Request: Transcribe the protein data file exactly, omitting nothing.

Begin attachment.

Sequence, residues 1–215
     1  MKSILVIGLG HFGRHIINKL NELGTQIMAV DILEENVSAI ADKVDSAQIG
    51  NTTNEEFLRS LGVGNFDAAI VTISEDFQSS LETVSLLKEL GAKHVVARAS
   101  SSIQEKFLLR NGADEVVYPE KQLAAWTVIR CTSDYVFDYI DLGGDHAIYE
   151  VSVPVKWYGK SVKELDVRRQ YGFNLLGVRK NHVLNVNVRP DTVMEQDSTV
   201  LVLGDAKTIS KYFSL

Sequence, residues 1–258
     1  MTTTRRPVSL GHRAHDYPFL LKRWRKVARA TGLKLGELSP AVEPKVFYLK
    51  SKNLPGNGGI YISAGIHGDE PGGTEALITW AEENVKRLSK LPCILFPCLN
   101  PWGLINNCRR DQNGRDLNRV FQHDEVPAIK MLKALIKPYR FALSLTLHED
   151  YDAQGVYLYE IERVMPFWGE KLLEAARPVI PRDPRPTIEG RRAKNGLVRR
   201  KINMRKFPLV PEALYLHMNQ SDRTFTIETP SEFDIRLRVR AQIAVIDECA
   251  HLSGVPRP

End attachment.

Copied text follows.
Sequence, residues 1–215
     1  MKSILVIGLG HFGRHIINKL NELGTQIMAV DILEENVSAI ADKVDSAQIG
    51  NTTNEEFLRS LGVGNFDAAI VTISEDFQSS LETVSLLKEL GAKHVVARAS
   101  SSIQEKFLLR NGADEVVYPE KQLAAWTVIR CTSDYVFDYI DLGGDHAIYE
   151  VSVPVKWYGK SVKELDVRRQ YGFNLLGVRK NHVLNVNVRP DTVMEQDSTV
   201  LVLGDAKTIS KYFSL

Sequence, residues 1–258
     1  MTTTRRPVSL GHRAHDYPFL LKRWRKVARA TGLKLGELSP AVEPKVFYLK
    51  SKNLPGNGGI YISAGIHGDE PGGTEALITW AEENVKRLSK LPCILFPCLN
   101  PWGLINNCRR DQNGRDLNRV FQHDEVPAIK MLKALIKPYR FALSLTLHED
   151  YDAQGVYLYE IERVMPFWGE KLLEAARPVI PRDPRPTIEG RRAKNGLVRR
   201  KINMRKFPLV PEALYLHMNQ SDRTFTIETP SEFDIRLRVR AQIAVIDECA
   251  HLSGVPRP